Safety and Clinical Efficacy of Mesenchymal Stem Cell Treatment in Traumatic Spinal Cord Injury, Multiple Sclerosis and Ischemic Stroke – A Systematic Review and Meta-Analysis
Journal article, Peer reviewed
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OriginalversjonFrontiers in Neurology. 2022, 13, 891514. 10.3389/fneur.2022.891514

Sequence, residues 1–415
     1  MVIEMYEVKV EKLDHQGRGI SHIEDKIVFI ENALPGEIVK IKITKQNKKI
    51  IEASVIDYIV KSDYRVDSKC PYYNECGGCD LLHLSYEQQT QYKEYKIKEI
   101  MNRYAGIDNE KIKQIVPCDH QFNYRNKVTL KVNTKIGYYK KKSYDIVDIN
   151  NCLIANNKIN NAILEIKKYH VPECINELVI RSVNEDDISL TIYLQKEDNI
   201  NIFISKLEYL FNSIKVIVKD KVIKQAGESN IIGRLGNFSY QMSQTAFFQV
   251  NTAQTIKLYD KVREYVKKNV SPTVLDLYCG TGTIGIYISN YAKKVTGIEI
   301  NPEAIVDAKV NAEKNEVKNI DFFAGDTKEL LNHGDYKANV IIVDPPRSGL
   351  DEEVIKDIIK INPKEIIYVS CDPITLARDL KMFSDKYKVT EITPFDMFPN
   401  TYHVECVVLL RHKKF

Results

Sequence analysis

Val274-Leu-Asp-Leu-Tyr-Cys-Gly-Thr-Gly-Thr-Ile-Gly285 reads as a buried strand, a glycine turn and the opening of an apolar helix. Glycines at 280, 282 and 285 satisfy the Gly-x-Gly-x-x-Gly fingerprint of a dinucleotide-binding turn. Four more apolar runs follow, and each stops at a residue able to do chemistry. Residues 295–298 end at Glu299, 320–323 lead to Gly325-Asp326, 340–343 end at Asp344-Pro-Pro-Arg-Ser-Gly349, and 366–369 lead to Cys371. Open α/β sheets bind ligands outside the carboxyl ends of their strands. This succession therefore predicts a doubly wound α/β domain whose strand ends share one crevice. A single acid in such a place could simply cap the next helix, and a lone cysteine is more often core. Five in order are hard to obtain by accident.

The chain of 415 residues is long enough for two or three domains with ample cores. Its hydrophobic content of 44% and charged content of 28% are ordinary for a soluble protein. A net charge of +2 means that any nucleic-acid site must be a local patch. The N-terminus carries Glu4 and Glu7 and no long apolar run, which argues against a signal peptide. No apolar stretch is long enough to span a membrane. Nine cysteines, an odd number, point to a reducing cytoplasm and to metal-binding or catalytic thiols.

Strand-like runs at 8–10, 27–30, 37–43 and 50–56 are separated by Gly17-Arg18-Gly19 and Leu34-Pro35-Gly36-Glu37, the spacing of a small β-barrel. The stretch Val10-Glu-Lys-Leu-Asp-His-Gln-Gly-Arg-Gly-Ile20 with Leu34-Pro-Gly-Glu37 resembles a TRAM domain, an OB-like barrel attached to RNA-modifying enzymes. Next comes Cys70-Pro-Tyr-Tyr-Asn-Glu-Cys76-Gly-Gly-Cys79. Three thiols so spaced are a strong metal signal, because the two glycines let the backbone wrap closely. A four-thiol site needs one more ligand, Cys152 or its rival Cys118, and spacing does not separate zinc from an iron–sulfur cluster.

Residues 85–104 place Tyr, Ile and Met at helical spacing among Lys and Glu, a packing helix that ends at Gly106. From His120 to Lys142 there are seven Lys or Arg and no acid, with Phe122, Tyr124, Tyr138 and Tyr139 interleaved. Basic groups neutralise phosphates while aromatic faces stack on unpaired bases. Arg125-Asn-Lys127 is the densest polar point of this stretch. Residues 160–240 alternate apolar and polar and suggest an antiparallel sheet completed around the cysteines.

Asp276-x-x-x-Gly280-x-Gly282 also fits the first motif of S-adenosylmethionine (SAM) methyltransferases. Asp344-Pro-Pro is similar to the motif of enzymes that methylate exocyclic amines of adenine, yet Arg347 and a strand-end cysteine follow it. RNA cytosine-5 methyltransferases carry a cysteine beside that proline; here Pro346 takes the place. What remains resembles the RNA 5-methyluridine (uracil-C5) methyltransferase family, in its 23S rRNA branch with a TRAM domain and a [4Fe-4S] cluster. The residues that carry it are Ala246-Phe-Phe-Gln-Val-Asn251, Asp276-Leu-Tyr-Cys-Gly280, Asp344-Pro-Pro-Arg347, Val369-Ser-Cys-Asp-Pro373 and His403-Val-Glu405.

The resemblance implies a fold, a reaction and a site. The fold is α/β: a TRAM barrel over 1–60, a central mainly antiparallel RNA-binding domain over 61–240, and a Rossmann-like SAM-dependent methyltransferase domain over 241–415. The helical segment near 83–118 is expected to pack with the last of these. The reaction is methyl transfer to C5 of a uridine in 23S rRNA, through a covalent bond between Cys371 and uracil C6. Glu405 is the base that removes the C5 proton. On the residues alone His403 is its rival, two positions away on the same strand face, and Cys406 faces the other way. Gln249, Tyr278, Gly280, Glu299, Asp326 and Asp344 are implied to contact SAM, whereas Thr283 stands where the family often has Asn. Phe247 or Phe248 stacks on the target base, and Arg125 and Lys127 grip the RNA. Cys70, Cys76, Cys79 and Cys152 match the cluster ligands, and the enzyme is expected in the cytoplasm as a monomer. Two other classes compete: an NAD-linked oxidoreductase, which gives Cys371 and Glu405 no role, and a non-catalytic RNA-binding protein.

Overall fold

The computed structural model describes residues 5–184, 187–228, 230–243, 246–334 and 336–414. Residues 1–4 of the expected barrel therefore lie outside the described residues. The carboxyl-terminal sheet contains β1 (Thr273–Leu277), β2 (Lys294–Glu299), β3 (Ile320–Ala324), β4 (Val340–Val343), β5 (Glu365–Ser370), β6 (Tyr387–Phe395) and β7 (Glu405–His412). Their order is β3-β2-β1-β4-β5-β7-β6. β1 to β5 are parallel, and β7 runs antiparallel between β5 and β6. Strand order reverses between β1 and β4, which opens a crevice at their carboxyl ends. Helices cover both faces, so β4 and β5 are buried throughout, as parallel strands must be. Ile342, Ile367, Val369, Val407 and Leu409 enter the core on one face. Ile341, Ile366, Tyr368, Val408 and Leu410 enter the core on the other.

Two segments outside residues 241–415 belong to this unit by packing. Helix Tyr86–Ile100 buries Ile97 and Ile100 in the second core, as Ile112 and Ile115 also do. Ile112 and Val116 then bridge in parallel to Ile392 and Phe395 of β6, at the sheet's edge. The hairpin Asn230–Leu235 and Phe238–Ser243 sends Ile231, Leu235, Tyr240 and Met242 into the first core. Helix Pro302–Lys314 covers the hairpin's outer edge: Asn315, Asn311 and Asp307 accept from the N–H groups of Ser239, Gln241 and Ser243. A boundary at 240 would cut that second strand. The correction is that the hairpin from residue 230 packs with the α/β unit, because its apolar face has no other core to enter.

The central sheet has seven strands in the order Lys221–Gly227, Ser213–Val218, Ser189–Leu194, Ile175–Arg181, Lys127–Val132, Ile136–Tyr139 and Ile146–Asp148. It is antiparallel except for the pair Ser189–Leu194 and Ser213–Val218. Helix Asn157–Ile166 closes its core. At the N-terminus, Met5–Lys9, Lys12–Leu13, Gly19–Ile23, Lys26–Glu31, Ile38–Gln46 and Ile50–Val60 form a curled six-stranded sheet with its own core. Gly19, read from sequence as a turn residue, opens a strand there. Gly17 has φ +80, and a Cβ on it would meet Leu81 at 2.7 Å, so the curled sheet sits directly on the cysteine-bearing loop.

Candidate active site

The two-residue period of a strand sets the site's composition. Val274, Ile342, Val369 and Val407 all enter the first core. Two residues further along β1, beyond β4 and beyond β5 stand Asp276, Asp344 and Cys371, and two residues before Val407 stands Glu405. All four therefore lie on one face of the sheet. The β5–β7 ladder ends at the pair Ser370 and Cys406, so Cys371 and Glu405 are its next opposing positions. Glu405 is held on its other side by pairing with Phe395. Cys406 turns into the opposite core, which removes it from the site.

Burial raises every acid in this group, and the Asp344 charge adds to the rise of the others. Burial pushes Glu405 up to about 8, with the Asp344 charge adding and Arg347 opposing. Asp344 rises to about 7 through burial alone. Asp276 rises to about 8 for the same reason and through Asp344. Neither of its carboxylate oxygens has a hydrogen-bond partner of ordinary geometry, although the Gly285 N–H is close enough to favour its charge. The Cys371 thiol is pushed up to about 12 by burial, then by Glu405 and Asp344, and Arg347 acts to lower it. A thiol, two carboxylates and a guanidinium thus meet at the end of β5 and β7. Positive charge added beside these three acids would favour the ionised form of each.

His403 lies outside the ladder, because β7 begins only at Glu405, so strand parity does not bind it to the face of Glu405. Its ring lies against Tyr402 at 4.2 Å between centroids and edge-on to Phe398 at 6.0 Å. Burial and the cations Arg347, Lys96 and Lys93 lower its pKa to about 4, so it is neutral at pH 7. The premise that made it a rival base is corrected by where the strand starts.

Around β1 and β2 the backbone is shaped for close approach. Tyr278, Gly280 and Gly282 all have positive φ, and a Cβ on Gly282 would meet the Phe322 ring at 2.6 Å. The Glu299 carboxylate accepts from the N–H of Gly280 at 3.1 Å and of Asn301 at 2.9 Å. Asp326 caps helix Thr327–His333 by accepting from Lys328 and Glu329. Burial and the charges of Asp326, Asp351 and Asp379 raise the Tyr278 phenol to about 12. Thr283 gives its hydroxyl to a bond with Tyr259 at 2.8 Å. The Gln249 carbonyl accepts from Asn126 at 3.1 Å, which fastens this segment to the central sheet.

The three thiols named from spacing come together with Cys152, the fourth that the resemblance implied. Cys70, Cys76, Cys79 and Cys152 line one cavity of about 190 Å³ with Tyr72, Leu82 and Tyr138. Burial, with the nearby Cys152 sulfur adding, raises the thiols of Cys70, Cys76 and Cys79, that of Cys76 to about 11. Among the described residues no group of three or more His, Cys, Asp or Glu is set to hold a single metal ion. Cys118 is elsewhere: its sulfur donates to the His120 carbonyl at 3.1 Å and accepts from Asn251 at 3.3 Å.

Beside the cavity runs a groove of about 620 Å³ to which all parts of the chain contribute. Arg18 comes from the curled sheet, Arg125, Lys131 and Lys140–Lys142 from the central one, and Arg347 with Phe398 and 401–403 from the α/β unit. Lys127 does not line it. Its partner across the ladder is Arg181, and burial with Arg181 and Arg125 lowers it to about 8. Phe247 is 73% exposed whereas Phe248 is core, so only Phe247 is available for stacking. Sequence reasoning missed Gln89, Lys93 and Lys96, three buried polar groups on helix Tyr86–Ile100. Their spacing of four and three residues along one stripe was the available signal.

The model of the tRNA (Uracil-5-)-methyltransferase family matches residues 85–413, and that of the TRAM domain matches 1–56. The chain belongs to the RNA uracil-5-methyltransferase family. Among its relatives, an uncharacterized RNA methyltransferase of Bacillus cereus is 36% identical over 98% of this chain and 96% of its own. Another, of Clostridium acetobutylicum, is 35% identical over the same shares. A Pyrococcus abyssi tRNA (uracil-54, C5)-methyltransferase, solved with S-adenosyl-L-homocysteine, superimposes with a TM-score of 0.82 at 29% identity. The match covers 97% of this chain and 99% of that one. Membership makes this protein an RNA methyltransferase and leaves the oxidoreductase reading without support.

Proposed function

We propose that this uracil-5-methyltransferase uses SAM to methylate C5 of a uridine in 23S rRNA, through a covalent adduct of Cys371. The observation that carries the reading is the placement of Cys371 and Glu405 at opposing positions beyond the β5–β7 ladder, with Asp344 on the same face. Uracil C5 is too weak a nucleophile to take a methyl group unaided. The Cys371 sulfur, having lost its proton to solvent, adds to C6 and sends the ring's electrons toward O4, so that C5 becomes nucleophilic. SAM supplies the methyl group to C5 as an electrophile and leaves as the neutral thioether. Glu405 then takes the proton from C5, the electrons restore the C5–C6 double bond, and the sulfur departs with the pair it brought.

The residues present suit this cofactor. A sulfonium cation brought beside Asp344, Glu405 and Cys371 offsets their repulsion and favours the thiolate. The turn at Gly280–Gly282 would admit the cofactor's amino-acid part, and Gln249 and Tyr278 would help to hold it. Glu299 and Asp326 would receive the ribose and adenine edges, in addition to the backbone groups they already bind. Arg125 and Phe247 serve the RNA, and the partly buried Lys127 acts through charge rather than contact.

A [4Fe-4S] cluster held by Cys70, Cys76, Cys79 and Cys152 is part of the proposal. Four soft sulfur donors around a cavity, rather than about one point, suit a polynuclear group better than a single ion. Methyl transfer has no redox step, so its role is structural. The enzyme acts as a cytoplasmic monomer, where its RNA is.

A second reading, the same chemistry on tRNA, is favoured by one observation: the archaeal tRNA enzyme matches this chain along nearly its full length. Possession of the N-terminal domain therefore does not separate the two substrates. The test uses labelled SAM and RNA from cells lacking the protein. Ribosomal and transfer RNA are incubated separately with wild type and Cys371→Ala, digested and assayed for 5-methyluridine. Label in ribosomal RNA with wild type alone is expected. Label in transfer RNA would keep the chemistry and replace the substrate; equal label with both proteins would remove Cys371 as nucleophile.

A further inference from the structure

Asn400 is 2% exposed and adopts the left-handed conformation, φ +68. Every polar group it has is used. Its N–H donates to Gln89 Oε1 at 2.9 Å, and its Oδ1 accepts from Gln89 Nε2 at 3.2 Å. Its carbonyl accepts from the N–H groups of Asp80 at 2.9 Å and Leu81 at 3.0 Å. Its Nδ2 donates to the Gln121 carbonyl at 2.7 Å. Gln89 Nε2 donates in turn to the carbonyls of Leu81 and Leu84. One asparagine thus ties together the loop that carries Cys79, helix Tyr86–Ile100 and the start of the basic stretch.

Background: Mesenchymal stem cells (MSCs) is an attractive candidate in regenerative research and clinical trials have assessed their therapeutic potential in different neurological conditions with disparate etiologies. In this systematic review, we aimed to assess safety and clinical effect of MSC treatment in traumatic spinal cord injury (TSCI), multiple sclerosis (MS) and ischemic stroke (IS). Methods: A systematic search was performed 2021-12-10 in MEDLINE, EMBASE, Web of Science and Cochrane where clinical studies assessing MSC treatment in TSCI, MS or IS were included. Studies without control group were excluded for efficacy analysis, but included in the safety analysis. For efficacy, AIS score, EDSS score and mRS were used as clinical endpoints and assessed in a meta-analysis using the random effects model. Findings: Of 5,548 identified records, 54 studies were included. Twenty-six studies assessed MSC treatment in TSCI, 14 in MS and nine in IS, of which seven, seven and five studies were controlled, respectively. There were seven serious adverse events (SAEs), of which four were related to the surgical procedure and included one death due to complications following the implantation of MSCs. Three SAEs were considered directly related to the MSC treatment and all these had a transient course. In TSCI, a meta-analysis showed no difference in conversion from AIS A to C and a trend toward more patients treated with MSCs improving from AIS A to B as compared to controls (p = 0.05). A subgroup analysis performed per protocol, showed more MSC treated patients improving from AIS A to C in studies including patients within 8 weeks after injury (p = 0.04). In MS and IS, there were no significant differences in clinical outcomes between MSC treated patients and controls as measured by EDSS and mRS, respectively. Interpretation: MSC-treatment is safe in patients with TSCI, MS and IS, although surgical implantation of MSC led to one fatal outcome in TSCI. There was no clear clinical benefit of MSC treatment, but this is not necessarily a proof of inefficacy due to the low number of controlled studies. Future studies assessing efficacy of MSC treatment should aim to do this in randomized, controlled studies.